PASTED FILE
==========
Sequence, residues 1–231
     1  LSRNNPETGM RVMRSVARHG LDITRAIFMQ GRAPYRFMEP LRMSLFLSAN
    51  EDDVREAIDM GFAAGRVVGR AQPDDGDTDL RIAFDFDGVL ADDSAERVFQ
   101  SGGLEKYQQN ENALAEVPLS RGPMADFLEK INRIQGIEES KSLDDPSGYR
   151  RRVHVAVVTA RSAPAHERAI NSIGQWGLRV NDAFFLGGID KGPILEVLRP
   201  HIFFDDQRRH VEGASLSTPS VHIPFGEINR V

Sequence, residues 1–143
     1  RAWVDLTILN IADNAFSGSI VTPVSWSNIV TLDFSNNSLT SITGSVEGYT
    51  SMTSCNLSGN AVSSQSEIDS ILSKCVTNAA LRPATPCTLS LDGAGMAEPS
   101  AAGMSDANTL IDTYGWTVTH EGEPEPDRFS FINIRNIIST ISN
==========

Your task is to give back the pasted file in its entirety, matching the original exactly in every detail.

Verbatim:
Sequence, residues 1–231
     1  LSRNNPETGM RVMRSVARHG LDITRAIFMQ GRAPYRFMEP LRMSLFLSAN
    51  EDDVREAIDM GFAAGRVVGR AQPDDGDTDL RIAFDFDGVL ADDSAERVFQ
   101  SGGLEKYQQN ENALAEVPLS RGPMADFLEK INRIQGIEES KSLDDPSGYR
   151  RRVHVAVVTA RSAPAHERAI NSIGQWGLRV NDAFFLGGID KGPILEVLRP
   201  HIFFDDQRRH VEGASLSTPS VHIPFGEINR V

Sequence, residues 1–143
     1  RAWVDLTILN IADNAFSGSI VTPVSWSNIV TLDFSNNSLT SITGSVEGYT
    51  SMTSCNLSGN AVSSQSEIDS ILSKCVTNAA LRPATPCTLS LDGAGMAEPS
   101  AAGMSDANTL IDTYGWTVTH EGEPEPDRFS FINIRNIIST ISN